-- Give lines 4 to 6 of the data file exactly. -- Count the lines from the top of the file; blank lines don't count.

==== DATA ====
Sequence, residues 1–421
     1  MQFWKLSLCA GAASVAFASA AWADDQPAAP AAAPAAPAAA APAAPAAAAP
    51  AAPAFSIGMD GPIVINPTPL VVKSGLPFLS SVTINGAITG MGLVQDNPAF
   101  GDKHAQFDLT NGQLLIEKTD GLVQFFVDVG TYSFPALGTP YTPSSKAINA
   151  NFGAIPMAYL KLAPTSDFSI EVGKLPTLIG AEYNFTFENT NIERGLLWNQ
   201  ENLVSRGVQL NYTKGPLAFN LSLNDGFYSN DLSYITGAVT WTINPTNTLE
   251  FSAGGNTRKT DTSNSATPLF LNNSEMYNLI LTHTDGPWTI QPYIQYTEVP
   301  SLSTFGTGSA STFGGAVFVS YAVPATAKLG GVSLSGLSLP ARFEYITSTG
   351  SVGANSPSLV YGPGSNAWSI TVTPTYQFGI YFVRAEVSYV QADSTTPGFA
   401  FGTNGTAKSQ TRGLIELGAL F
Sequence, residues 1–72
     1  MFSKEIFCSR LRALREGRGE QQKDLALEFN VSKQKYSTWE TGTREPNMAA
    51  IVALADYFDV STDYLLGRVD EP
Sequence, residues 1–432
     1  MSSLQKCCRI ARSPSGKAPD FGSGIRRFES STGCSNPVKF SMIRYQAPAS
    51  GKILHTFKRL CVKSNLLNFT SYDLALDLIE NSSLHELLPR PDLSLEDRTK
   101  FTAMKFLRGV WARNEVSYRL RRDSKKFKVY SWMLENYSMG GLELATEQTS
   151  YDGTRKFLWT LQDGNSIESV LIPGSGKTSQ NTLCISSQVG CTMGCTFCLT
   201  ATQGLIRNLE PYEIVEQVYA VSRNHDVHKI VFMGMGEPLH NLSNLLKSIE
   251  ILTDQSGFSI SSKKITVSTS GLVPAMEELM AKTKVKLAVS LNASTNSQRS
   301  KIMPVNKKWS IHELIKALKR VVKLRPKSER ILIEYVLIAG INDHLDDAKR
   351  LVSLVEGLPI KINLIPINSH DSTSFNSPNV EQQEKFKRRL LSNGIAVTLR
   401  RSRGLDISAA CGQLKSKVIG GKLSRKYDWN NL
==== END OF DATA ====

   101  GDKHAQFDLT NGQLLIEKTD GLVQFFVDVG TYSFPALGTP YTPSSKAINA
   151  NFGAIPMAYL KLAPTSDFSI EVGKLPTLIG AEYNFTFENT NIERGLLWNQ
   201  ENLVSRGVQL NYTKGPLAFN LSLNDGFYSN DLSYITGAVT WTINPTNTLE